It’s obvious keying in on Kevin Boss wasn’t a priority for the Patriots. He had a few big plays on Ninkovich, Fletcher, Chung and Guyton.
STRONG OFFENSIVE LINE PLAY
Despite a strong defensive line for Oakland (even with Matt Shaughnessy out), the Patriots did another nice job of keeping Brady upright. Oakland registered four QB hits and one sack from safety Mike Mitchell on a failed Brady scramble. The slightly fluky sack was the first the Pats offensive line allowed since the second quarter of the Chargers game. The Patriots have one of the best offensive lines in the NFL right now and will only get stronger once Sebastian Vollmer returns.
Watch a Jets or Steelers game for about five minutes and you’ll see why it’s so important to keep Brady protected and therefore error free. If the Pats can’t get sacks, it’ll certainly help to not allow them either.
The Pats are also doing a nice job run blocking. The team is 5th in the NFL with 4.8 yards per carry. Obviously the Patriots have some talented running backs, but the o-line is doing a great job opening holes and getting a push at the line.
RUNNING THE BALL, KILLING CLOCK
Let’s give credit to the running backs and play calling as well. During the second half the Pats had a four minute drive and five minute drive and two two minute drives. Those probably would have been shorter if the running game wasn’t so effective. Most of us questioned taking two running backs in the first three rounds of the 2011 draft and let’s not pretend that Stevan Ridley wasn’t the back that concerned us. That’s looking to be a great pick for the Patriots and Vereen might be as well if Danny Woodhead is out for a considerable time frame.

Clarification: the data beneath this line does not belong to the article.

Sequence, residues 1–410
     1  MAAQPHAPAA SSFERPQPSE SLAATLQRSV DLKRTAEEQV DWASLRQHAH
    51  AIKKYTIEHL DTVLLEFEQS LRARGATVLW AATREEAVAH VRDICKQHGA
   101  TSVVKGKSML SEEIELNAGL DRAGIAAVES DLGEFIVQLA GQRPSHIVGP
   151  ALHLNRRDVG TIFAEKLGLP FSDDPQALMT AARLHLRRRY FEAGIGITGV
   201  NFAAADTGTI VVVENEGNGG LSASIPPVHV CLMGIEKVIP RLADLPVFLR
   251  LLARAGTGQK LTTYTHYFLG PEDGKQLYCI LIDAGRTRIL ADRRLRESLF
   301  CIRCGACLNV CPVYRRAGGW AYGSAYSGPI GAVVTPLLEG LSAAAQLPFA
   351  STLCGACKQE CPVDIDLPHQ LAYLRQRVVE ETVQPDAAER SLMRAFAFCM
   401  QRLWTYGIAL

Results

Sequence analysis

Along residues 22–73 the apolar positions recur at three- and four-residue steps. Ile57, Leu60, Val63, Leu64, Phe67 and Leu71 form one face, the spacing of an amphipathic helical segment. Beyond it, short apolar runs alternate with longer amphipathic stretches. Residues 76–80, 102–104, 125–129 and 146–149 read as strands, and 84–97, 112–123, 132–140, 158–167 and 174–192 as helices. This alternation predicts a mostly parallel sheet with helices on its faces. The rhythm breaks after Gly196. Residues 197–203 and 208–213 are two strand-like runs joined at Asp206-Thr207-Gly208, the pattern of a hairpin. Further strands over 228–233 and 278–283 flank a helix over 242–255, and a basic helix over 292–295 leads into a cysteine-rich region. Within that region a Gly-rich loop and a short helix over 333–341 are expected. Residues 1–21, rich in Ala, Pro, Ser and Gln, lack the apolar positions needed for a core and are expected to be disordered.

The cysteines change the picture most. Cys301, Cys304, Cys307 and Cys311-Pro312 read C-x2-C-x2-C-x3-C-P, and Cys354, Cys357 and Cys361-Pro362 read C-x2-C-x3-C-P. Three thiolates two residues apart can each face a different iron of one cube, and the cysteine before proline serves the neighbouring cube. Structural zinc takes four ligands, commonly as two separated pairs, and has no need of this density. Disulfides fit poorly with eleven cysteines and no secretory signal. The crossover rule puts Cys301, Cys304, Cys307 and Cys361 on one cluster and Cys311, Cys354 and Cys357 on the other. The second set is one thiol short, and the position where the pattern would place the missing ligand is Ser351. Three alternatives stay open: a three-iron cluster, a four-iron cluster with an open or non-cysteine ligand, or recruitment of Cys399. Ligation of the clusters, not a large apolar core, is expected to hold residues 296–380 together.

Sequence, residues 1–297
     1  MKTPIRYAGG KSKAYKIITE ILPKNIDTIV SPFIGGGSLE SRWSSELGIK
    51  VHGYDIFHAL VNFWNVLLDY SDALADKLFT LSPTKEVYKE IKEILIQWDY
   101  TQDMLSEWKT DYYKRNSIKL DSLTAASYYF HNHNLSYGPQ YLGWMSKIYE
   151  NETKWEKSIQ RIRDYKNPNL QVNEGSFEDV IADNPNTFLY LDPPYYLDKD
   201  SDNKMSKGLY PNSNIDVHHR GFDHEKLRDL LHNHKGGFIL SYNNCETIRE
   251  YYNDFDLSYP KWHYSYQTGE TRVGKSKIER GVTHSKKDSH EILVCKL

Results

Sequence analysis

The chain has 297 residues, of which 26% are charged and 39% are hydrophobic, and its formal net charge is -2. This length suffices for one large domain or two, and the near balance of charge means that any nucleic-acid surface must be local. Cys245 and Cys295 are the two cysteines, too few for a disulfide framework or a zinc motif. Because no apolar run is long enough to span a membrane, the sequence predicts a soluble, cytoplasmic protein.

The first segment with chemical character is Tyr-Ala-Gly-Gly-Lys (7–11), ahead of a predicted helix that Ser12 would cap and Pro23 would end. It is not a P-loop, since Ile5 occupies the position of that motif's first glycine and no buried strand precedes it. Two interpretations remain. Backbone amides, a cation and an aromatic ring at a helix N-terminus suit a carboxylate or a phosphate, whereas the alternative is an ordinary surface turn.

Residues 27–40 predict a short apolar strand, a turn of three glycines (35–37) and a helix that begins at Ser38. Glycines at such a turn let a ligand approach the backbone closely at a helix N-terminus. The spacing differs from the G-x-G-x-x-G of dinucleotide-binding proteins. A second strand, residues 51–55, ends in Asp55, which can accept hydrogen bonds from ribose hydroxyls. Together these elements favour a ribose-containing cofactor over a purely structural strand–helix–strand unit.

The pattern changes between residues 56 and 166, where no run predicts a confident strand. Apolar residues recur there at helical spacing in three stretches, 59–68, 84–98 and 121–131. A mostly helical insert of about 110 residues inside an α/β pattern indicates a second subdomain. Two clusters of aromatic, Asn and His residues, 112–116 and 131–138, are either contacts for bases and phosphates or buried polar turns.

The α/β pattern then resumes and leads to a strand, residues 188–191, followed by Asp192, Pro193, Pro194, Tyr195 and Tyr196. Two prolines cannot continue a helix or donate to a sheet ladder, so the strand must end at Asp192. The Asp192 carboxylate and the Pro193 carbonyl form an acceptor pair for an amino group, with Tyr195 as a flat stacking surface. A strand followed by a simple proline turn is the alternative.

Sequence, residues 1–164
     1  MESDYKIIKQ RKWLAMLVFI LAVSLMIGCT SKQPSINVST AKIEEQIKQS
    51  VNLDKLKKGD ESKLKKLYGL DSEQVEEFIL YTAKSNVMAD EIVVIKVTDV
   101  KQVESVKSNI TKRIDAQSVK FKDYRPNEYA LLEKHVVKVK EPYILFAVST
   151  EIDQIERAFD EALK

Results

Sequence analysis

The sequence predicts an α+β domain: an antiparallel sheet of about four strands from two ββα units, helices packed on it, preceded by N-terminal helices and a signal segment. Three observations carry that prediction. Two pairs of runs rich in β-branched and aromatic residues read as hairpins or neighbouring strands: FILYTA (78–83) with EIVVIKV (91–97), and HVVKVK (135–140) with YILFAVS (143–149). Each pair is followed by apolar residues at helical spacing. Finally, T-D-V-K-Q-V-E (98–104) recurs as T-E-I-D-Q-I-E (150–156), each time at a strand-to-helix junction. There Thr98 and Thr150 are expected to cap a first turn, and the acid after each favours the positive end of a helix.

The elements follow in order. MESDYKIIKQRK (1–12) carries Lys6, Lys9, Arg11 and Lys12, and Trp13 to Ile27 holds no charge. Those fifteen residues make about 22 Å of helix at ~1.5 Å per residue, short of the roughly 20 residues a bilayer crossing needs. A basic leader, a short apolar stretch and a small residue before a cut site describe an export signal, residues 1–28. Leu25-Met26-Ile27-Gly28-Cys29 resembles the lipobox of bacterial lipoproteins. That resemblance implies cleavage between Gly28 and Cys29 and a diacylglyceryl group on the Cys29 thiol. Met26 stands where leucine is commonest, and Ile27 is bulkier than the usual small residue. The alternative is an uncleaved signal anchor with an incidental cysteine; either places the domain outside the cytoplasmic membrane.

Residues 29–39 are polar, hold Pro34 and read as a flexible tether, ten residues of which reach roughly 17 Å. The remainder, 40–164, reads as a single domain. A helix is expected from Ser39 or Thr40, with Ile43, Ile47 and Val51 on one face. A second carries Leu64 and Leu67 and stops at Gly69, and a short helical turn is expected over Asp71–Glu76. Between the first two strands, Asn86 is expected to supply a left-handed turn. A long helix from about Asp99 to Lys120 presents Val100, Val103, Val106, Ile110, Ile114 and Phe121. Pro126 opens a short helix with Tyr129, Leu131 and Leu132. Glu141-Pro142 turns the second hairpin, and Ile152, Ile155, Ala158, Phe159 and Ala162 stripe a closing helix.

Green-Ellis and Vereen are both pretty powerful backs, but Ridley has shown more of a burst and some better moves behind the line of scrimmage. This will rarely be an offense where we’ll see 30 carries from our running backs, but it’s nice to see that when we need them, they’ll come through.
WELKER, WELKER AND MORE WELKER!!
Thank god Aaron Hernandez is coming back soon, because this has been the Wes Welker Show the last two weeks. Oakland did a great job keying in on Rob Gronkowski and effectively shutting him down only allowing 1 reception for 15 yards. Deion Branch has had trouble getting open recently only catching one pass for four yards in the past two games.
Wes Welker had no trouble getting open. His speed and quickness is back and it’s a chore for any CB to cover him at this point. A combination of game plan and losing Hernandez and Woodhead to injuries meant only five no huddle snaps for the Patriots. Hopefully the Woodhead injury isn’t serious, because I was really looking forward to seeing that aspect of the offense come back with Hernandez. I suspect that if Hernandez is back next week and Woodhead is not, Edelman might be used as the 5th target in the no huddle.
The offensive snap count was very interesting this week (thanks Mike Reiss!) tackle Thomas Welch was used in 24 of 66 snaps as a 3rd TE/T. Matthew Slater lead all 3rd WRs with 21 snaps over Ochocinco (18) and Julian Edelman (17).
Dane Fletcher continues to be used as a FB with 4 snaps. I think we all wanted to see Taylor Price in his first active game of the season, but obviously Belichick doesn’t think he’s ready either from a health, skills or familiarity stand point.